First, it will surprize you to learn that instead of the venerable simplicity which reigns in St. Stephen's chapel, the H. of Representatives, besides being stoved, carpeted, desked, and sofaed in the most luxurious style, rivals and indeed surpasses the Legislature of Paris in decoration and drapery.
    • 1893, Henry Swinglehurst, Silver Mines and Incidents of Travel, page 97:
      I and another therefore entirely occupied our stateroom, which was sofaed round, being just large enough for two to lie down and a third to sit with his feet up and his head on his knees.
    • 1981, David A. Kaufelt, The Wine and the Music, page 331:
      It was a lavish, fully draped, fully sofaed, fully radiator-covered nineteenth-century deluxe German hotel suite.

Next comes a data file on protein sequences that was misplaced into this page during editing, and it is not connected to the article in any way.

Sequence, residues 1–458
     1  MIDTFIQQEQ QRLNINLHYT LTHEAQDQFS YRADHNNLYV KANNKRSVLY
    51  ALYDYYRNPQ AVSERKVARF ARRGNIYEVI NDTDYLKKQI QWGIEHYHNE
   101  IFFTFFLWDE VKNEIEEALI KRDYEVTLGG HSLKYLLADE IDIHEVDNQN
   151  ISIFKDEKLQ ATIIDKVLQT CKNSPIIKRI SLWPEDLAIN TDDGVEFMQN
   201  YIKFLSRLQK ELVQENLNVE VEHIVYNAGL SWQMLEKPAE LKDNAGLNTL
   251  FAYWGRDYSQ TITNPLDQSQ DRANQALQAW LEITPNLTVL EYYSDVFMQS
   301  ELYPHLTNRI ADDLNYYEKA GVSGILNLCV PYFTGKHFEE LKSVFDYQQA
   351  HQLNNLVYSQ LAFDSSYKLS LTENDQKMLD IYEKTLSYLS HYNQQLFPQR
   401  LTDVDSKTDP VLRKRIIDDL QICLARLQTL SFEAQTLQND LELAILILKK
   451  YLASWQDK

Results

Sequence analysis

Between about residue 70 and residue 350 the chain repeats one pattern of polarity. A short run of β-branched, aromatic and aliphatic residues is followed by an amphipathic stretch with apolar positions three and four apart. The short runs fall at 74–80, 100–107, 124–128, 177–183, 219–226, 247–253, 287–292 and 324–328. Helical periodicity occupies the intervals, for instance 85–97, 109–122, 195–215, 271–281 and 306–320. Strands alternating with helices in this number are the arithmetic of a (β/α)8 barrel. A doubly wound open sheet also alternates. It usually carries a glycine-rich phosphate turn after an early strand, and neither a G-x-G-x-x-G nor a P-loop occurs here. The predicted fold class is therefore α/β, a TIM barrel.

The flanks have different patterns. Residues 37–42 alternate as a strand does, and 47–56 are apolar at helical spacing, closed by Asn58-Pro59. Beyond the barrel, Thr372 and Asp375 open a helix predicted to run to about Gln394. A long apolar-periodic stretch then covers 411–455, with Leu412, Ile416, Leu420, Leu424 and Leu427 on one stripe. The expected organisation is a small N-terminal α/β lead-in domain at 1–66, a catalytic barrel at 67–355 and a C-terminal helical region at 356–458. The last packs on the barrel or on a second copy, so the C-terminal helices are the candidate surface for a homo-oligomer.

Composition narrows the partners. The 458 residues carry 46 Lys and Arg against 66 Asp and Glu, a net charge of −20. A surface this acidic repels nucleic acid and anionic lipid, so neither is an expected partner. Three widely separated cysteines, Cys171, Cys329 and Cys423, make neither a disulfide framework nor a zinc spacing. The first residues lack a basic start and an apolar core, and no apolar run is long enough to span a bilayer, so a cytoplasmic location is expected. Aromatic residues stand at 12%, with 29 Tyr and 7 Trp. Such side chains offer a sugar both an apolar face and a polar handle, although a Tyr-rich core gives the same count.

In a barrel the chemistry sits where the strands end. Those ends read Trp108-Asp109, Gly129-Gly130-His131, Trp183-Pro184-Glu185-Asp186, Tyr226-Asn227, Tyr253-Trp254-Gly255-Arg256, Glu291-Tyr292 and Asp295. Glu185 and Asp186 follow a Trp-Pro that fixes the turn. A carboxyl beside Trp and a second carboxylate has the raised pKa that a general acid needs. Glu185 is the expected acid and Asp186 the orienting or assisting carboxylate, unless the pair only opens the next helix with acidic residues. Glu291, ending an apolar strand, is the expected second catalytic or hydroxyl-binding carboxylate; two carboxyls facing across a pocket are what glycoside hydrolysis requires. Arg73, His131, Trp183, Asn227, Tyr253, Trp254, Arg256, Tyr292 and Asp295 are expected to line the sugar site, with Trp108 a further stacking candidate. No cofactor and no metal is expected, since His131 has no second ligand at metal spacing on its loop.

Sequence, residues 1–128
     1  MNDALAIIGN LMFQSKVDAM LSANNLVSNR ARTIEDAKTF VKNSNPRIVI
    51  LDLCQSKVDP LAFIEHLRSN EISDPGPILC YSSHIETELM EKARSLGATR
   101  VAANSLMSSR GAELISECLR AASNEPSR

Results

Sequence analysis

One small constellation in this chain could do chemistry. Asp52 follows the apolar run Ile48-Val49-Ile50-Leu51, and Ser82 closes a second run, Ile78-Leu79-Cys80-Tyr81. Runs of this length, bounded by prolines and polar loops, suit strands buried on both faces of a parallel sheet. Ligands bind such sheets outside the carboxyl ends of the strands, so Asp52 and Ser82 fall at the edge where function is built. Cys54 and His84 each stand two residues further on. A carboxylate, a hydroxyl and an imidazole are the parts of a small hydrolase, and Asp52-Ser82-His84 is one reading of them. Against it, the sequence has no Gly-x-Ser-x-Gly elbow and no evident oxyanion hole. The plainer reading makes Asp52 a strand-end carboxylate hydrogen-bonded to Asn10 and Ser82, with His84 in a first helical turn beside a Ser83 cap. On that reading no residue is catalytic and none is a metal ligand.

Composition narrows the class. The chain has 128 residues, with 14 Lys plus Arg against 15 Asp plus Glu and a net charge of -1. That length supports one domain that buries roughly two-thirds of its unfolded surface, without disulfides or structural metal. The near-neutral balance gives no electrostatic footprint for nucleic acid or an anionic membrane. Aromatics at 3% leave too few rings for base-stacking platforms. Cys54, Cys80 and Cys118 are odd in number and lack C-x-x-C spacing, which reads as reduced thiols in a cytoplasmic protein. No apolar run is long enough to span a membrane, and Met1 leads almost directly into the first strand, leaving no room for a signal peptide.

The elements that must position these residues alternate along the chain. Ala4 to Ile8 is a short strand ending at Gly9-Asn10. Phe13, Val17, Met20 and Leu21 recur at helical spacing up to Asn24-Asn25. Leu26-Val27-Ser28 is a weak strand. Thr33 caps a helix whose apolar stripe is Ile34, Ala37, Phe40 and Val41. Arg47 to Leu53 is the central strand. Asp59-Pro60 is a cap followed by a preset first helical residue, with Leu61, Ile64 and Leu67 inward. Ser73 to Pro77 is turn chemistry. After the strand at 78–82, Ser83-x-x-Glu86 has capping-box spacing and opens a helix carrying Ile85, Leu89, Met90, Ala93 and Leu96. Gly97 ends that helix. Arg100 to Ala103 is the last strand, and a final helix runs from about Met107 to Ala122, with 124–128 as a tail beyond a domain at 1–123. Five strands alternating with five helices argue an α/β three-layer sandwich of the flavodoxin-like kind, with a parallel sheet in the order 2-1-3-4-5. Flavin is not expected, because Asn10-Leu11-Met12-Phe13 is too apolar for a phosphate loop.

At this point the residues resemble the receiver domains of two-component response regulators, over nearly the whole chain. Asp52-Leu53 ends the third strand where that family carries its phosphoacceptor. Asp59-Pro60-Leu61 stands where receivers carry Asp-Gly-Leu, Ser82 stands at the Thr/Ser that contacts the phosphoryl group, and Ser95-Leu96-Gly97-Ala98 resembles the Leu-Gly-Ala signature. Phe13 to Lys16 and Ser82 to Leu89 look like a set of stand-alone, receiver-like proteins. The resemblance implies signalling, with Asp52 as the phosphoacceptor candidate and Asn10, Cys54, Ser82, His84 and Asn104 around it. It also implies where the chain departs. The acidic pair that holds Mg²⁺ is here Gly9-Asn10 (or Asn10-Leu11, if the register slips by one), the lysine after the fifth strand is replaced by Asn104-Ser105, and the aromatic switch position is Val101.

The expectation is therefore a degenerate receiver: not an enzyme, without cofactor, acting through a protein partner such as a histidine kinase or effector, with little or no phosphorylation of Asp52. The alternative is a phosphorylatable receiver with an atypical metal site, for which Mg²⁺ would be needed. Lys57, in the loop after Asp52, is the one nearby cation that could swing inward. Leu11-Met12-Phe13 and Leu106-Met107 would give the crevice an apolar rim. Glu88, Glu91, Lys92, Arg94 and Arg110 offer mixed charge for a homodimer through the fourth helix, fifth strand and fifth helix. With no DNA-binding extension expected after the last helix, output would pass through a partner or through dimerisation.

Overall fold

2. To seat or lay down on a sofa.
    • 1895, Denver Medical Times - Volume 5, page 191:
      Cliques of three or more are formed, each member of which goes in search of victims, and the first female found complaining of pain in the lower part of her back, is immediately run down, corralled, cornered, so to speak, and sans ceremonie she is at once tabled, sofaed or beded, or in the absence of these relics of refinement she is floored or she may have to submit standing (especially if the doctor is in a hury and meets her at the gate or corner drug store) with an unerring plunge, of a not overly clean index finger, the darksome cavern is penetrated and perhaps, not, a cervix is touched and reveals, of course, a lacerated cervix, just as had been predicted.
    • 1929, Benjamin Disraeli, Lawrence John Lumley Dundas Marquis of Zetland, 1876 to 1881, page 387:
      A few, feeble words—my first—to tell you I have left my room this morning and am shaven and shorn and dressed and sofaed in my writing room, after a terrible ten days or more.